Ex-Newark Watershed Manager Pleads Guilty in Corruption Caseby
Donald Bernard admits taking $956,948 from contractors
Four have been charged in U.S. probe of bankrupt entity
A former manager for a nonprofit that oversaw Newark, New Jersey’s water supply pleaded guilty to corruption charges as U.S. prosecutors investigate the bankrupt entity’s activities while Cory Booker was mayor.
Donald Bernard Sr., 68, a consultant and manager of special projects at the Newark Watershed Conservation and Development Corp. admitted in federal court that he took $956,948 in kickbacks for himself and his boss in exchange for helping award work to contractors. Giacomo “Jack” DeRosa, 59, also pleaded guilty in Newark to laundering part of $85,000 he gave to Bernard from funds he received for roofing work at NWCDC.
Bernard pleaded guilty to two counts of facilitating bribery in violation of the Travel Act and filing a false tax return, while DeRosa pleaded guilty to money laundering. Bernard faces as many as 13 years in prison, and DeRosa faces as many as 20 years.
Last month, the former executive director, Linda Watkins Brashear, admitted that she took kickbacks from 2007 to 2013 from more than a dozen people who offered printing, marketing, cleaning, media, political and interior design services. She faces as long as 17 1/2 years in prison.
NWCDC, which got almost $10 million a year to manage the city’s 35,000-acre watershed, reservoirs and water-treatment plant, filed for bankruptcy last January.
A report last year by the state comptroller’s office said that from 2008 to 2011, “the NWCDC recklessly and improperly spent millions of dollars of public funds with little or no oversight by either its board of trustees or the city.” That report said Watkins Brashear secretly wrote checks to herself and squandered money in high-risk margin trading.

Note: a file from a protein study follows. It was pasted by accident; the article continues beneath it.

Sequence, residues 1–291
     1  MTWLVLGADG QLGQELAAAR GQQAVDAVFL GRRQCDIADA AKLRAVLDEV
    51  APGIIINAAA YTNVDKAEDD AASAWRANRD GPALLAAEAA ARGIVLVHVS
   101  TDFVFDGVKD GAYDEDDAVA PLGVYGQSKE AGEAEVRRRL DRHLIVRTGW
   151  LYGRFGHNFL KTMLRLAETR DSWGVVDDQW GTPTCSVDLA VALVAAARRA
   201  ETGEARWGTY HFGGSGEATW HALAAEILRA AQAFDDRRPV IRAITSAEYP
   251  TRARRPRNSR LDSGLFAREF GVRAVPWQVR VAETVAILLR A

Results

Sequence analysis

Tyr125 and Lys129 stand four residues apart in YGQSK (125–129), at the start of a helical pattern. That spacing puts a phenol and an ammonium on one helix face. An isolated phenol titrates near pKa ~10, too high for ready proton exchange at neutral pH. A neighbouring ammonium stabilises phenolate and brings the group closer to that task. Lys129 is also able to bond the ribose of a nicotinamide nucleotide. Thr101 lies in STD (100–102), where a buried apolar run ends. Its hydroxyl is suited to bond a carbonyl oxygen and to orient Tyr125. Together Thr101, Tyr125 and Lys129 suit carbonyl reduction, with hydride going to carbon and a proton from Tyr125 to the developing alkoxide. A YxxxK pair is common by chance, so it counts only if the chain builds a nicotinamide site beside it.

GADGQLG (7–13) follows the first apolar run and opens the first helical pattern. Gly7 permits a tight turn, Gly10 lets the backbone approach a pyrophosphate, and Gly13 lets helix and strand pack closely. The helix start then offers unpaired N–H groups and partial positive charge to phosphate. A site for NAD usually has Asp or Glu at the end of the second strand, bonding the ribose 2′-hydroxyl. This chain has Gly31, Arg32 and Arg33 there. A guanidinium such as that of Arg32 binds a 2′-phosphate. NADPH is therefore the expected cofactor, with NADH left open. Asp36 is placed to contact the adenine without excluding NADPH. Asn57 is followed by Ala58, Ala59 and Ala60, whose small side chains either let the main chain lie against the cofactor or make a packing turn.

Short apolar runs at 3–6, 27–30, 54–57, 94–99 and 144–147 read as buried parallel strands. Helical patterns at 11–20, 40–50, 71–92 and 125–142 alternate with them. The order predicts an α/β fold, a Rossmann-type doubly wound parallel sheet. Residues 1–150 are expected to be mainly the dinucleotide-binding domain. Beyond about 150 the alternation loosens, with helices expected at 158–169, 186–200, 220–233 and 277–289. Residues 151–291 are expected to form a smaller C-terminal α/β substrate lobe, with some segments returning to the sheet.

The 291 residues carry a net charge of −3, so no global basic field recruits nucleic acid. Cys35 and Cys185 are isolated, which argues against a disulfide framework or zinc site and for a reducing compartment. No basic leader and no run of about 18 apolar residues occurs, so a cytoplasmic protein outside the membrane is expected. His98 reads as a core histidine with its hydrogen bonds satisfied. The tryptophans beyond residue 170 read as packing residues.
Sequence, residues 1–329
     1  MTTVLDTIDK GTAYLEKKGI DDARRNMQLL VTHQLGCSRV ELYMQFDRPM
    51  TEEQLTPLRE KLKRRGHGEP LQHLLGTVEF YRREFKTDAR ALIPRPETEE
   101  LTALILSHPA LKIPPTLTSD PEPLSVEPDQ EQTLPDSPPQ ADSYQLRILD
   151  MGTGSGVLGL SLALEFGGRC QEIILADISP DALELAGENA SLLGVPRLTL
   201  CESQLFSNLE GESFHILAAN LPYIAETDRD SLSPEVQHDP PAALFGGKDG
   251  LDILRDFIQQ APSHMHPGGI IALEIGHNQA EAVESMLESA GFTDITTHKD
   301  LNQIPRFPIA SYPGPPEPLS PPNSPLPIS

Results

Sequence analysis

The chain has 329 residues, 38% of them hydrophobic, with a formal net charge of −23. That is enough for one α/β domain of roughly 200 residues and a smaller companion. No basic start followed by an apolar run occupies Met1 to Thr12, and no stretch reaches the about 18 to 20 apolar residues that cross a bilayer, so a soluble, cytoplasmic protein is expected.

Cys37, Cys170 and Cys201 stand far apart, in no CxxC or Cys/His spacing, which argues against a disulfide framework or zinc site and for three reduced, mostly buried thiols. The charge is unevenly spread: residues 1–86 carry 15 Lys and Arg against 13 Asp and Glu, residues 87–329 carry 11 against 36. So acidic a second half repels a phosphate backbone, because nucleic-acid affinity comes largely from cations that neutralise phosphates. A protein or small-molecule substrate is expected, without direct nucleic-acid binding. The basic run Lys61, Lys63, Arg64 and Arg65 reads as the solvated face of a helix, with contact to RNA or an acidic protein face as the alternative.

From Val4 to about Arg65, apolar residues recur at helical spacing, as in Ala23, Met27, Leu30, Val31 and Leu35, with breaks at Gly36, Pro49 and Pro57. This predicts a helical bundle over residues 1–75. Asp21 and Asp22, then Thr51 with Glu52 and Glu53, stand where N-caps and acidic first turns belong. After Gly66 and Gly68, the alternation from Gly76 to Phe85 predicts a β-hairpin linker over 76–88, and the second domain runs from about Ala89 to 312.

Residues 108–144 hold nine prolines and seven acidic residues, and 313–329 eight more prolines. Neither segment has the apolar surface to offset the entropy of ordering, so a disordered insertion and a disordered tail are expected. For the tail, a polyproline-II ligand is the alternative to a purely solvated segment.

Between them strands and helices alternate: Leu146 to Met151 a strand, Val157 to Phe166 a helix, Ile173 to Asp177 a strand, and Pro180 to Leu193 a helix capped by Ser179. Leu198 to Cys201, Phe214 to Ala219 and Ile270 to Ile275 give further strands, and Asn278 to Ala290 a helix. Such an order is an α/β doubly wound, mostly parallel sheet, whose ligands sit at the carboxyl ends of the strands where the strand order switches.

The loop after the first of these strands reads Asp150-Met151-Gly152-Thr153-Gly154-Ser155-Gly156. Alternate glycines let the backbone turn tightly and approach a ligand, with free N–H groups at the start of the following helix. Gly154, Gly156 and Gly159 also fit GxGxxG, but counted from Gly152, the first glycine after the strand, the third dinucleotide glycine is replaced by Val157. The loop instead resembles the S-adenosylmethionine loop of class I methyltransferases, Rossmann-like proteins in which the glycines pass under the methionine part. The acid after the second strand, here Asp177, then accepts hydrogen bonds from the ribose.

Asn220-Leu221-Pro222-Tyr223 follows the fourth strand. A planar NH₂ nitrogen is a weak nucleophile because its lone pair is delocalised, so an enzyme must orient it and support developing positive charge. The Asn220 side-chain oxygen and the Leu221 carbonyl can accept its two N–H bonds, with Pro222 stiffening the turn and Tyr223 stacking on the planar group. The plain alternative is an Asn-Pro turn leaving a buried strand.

Last month, trustees of the NWCDC sued 18 people in bankruptcy court blaming them for mismanagement, including Booker, who left for the U.S. Senate after winning an October 2013 special election.
The trustees named three groups of defendants: officers and employees of NWCDC who misappropriated funds, including Watkins Brashear; accountants and other professionals who failed to prevent or curtail the waste; and trustees like Booker who “simply ignored or failed to exercise their fiduciary duties to the NWCDC and the city of Newark,” according to court documents. Booker has denied wrongdoing and asked a judge to dismiss him from the case.
The state investigation began after a group of city residents known as the Newark Water Group exposed much of the wrongdoing.
“Today’s pleas are a sad commentary, not only on the level of corruption in Newark but also of city oversight,” said Guy Sterling, a spokesman for the group. “The NWCDC’s board not only included a former mayor as its chairman but also two council members. That this could have occurred under their noses is unfathomable.”
The cases are U.S. v. Bernard, 14-cr-00710, and U.S. v. DeRosa, 14-cr-00711, U.S. District Court, District of New Jersey (Newark).